Tips for Balancing a Busy Schedule and your Health

Less than 3% of Americans live a healthy lifestyle.

Let that sink in.

A 2016 study published by the Mayo Clinic found that only 2.7% of US adults led a healthy lifestyle, defining it as successfully meeting four 'health characteristics' including cardiovascular health, positive dietary habits, not smoking, and having the recommended body fat percentage.

Do you know if you’re in the 3%? Should be easy to qualify as 'healthy' right?

Not really.

To qualify as 'healthy,' you have to tick-off all of these markers:

  • Exercise for at least 150 minutes a week to be 'sufficiently active.' Light or heavy, your choice, as long as it adds up to 150 minutes.
  • Diet score in the top 40% of the Healthy Eating Index
  • Body fat under 20 percent (for men) or 30 percent (for women)
  • Not smoking

Admittedly, these markers are not the be-all and end-all of healthy living (they don’t take into account mental health for example) but they set the bar low enough that we should be worried if over 90% of our nation’s population doesn’t meet those standards.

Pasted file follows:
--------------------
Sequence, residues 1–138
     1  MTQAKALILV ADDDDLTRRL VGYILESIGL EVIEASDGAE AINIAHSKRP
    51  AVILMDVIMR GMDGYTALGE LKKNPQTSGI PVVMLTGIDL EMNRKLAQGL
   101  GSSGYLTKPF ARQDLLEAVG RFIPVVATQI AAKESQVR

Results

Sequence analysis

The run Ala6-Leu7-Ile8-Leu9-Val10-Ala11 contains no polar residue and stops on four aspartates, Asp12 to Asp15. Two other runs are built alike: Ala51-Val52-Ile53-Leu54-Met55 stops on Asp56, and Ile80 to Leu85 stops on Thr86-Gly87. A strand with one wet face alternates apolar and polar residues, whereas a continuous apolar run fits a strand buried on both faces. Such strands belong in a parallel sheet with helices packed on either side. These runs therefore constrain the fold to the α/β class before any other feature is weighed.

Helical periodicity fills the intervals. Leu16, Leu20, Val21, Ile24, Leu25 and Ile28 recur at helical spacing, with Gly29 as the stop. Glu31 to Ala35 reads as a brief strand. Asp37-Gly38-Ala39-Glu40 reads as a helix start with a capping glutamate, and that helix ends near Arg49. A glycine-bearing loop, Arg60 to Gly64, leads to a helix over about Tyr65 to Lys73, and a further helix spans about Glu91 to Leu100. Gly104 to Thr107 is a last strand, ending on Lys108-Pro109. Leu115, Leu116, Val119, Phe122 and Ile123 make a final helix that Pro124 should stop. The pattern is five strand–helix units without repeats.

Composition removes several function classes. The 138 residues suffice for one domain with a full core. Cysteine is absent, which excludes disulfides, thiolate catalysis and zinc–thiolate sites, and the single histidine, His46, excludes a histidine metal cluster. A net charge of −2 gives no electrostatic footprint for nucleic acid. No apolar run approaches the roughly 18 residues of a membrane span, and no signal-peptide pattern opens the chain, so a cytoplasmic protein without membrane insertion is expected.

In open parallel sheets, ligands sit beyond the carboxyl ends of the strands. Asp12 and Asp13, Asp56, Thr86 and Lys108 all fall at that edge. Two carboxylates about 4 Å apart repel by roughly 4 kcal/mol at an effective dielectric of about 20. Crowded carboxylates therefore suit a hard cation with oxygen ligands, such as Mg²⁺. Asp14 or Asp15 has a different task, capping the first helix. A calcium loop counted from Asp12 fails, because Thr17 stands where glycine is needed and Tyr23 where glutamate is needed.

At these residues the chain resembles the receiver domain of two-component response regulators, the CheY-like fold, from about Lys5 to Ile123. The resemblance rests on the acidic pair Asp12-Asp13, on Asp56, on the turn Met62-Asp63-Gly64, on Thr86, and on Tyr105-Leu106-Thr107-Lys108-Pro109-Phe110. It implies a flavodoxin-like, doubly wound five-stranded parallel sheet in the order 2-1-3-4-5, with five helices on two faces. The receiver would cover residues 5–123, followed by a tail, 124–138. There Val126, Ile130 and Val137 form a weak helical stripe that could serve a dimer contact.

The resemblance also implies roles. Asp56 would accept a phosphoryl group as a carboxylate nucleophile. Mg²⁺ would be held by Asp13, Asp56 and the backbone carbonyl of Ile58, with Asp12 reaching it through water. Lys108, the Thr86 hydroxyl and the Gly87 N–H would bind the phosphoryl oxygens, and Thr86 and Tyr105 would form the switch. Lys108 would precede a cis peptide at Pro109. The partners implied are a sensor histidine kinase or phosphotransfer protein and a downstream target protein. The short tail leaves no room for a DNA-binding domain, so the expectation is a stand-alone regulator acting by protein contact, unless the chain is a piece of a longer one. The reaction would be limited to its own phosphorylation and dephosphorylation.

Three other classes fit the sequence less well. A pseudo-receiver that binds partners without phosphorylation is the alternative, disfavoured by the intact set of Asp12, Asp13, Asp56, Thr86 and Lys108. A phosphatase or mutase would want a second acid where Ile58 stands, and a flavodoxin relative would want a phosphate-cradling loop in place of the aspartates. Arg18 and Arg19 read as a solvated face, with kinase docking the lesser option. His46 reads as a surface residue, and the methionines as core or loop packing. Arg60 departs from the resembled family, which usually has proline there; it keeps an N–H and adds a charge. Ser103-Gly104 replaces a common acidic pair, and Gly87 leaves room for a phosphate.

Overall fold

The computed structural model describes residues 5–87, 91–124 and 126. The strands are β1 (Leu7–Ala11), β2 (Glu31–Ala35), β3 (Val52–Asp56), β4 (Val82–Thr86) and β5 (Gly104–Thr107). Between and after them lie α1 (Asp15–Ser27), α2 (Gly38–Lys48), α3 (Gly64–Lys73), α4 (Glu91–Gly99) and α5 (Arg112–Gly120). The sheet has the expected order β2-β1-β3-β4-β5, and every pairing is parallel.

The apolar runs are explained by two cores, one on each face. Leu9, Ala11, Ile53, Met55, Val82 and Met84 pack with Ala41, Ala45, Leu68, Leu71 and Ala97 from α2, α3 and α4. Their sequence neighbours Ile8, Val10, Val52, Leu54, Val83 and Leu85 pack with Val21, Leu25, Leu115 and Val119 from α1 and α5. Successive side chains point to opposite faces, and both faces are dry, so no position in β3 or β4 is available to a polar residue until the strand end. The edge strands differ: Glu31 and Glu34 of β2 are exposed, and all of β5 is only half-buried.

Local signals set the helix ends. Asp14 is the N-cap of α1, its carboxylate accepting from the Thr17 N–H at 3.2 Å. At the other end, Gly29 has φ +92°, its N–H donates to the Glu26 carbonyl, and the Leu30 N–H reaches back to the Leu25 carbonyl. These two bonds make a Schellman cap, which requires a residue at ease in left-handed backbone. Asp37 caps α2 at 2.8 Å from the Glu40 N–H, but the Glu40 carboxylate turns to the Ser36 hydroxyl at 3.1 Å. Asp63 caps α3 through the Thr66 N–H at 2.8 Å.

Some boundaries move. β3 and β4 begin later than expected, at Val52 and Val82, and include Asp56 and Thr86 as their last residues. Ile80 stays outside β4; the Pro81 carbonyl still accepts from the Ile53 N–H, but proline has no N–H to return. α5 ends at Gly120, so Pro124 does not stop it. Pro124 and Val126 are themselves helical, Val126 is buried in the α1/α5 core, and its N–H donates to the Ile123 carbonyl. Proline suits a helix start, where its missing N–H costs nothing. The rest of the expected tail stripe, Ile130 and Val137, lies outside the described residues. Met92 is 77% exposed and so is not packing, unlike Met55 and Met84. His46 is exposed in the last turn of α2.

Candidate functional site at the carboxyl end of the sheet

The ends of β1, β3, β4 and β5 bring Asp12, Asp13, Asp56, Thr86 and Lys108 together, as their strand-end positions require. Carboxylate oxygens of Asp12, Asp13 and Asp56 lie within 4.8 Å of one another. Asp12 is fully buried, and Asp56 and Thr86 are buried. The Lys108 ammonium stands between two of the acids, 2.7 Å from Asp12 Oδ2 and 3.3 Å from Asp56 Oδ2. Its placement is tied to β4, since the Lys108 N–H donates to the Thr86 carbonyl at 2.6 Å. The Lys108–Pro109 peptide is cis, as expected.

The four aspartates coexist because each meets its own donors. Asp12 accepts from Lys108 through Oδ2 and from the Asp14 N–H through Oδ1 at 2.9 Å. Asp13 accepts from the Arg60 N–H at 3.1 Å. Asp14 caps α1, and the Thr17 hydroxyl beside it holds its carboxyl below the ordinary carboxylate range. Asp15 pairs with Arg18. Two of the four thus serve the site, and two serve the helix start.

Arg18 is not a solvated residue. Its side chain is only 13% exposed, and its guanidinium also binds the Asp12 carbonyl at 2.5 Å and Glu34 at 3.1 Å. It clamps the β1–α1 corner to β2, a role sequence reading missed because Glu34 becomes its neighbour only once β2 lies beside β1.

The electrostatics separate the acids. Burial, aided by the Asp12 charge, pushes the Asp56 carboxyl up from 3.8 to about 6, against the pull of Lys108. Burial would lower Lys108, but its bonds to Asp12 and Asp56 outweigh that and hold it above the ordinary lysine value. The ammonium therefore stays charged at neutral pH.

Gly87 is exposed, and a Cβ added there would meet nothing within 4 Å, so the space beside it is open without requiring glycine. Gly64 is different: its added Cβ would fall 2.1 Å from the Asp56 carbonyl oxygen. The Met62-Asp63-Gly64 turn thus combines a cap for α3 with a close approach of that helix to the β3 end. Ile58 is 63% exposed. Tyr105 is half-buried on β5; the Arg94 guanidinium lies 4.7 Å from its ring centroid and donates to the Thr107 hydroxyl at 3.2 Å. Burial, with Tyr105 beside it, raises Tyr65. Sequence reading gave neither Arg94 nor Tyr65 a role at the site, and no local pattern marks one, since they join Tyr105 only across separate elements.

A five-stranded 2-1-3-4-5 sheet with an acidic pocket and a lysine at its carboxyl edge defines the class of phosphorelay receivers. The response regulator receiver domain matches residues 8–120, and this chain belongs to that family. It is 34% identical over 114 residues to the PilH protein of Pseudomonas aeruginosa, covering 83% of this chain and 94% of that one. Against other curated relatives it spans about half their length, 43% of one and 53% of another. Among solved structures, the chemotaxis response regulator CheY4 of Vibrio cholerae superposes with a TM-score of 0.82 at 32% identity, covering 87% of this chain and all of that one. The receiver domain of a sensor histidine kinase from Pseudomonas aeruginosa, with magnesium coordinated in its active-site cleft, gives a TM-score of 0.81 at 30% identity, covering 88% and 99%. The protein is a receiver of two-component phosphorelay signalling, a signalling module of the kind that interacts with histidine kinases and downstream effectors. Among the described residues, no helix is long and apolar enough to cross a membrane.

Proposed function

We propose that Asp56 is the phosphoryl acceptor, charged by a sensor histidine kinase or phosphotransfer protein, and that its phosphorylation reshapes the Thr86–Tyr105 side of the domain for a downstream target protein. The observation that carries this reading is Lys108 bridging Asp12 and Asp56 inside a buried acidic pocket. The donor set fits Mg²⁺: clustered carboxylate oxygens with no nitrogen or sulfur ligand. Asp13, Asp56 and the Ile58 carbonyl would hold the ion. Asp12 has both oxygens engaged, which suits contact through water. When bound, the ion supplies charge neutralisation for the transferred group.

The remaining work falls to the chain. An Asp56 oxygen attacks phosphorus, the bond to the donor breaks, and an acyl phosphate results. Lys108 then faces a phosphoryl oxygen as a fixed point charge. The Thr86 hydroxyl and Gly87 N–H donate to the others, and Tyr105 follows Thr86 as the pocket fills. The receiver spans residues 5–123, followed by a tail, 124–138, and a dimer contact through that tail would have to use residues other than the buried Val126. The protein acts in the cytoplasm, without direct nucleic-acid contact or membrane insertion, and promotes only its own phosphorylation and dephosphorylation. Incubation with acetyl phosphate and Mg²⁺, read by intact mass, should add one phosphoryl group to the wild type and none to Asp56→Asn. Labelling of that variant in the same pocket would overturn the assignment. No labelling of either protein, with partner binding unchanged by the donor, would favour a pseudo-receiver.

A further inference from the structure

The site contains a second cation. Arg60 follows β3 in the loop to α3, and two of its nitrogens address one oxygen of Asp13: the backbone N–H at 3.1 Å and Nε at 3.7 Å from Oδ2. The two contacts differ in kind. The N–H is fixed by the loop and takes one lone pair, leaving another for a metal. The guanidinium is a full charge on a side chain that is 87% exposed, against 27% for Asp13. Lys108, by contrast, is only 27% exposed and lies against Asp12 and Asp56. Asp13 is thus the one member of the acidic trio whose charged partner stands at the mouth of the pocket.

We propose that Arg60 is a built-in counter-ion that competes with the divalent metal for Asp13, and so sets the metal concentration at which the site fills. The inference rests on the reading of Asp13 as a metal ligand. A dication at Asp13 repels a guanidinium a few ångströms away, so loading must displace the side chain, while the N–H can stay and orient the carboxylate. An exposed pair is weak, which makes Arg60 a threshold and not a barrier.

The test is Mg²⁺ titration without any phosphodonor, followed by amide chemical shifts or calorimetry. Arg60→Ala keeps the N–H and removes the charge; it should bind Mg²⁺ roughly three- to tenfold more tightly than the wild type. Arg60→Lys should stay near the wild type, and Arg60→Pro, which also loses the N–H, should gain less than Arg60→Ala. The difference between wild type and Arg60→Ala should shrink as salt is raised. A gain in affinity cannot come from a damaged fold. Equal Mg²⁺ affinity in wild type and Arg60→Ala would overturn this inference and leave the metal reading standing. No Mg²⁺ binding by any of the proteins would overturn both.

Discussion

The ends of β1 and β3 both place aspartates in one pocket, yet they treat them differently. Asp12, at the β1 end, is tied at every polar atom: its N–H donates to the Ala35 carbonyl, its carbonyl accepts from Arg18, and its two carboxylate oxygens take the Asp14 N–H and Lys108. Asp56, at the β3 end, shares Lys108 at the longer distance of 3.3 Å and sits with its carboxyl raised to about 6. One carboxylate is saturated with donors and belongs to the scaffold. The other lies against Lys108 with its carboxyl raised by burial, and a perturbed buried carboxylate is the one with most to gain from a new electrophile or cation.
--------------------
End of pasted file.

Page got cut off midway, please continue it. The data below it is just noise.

The truth is we’re too busy to be healthy.

Or at least that’s what we think. I would love to say that things have drastically changed in the past three years, but alas, I cannot.

Research shows some sobering statistics:

  • 85.8% of men and 66.5 % of women work more than 40 hours per week.
  • Over 30% of Americas say they are 'too busy to eat healthy foods'.
  • 55% of men and 54% of women 'eat on the run' according to that same study.
  • 65% of Americans are stressed at - or because of - work.
  • 1 in 5 Adults has a mental health condition in the US. That's over 40 million people!
  • Women work on more tasks than men, but not all of them mean money.

I could go on, but there’s no need:

Our nation is in desperate need of work-life balance that focuses on health.

So how do we do it? What can we do to achieve that elusive 'balance'?